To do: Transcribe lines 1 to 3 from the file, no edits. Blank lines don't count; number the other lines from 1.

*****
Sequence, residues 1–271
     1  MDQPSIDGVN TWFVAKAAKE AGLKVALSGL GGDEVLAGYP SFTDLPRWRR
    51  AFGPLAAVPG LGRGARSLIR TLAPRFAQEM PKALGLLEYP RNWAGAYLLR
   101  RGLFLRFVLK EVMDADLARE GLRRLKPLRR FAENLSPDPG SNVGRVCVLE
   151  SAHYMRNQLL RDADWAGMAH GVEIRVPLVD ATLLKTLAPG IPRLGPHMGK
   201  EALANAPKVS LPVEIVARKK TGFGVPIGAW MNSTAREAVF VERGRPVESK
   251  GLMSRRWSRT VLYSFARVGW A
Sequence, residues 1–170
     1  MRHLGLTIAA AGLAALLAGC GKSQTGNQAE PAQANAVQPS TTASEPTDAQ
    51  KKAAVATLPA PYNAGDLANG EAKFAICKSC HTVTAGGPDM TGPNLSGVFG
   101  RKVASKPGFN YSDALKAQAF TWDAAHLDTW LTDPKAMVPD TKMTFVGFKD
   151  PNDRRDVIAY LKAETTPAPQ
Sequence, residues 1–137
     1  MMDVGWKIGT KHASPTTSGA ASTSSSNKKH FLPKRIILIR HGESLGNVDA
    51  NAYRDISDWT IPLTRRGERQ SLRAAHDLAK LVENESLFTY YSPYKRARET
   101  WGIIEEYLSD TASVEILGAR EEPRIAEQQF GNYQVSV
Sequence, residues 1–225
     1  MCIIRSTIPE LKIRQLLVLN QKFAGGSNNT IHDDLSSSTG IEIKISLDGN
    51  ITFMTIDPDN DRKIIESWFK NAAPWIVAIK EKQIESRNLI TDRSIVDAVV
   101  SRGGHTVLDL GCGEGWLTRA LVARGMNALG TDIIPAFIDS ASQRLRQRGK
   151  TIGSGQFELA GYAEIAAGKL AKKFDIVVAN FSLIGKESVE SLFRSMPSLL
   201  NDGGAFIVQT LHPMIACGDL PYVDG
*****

Sequence, residues 1–271
     1  MDQPSIDGVN TWFVAKAAKE AGLKVALSGL GGDEVLAGYP SFTDLPRWRR
    51  AFGPLAAVPG LGRGARSLIR TLAPRFAQEM PKALGLLEYP RNWAGAYLLR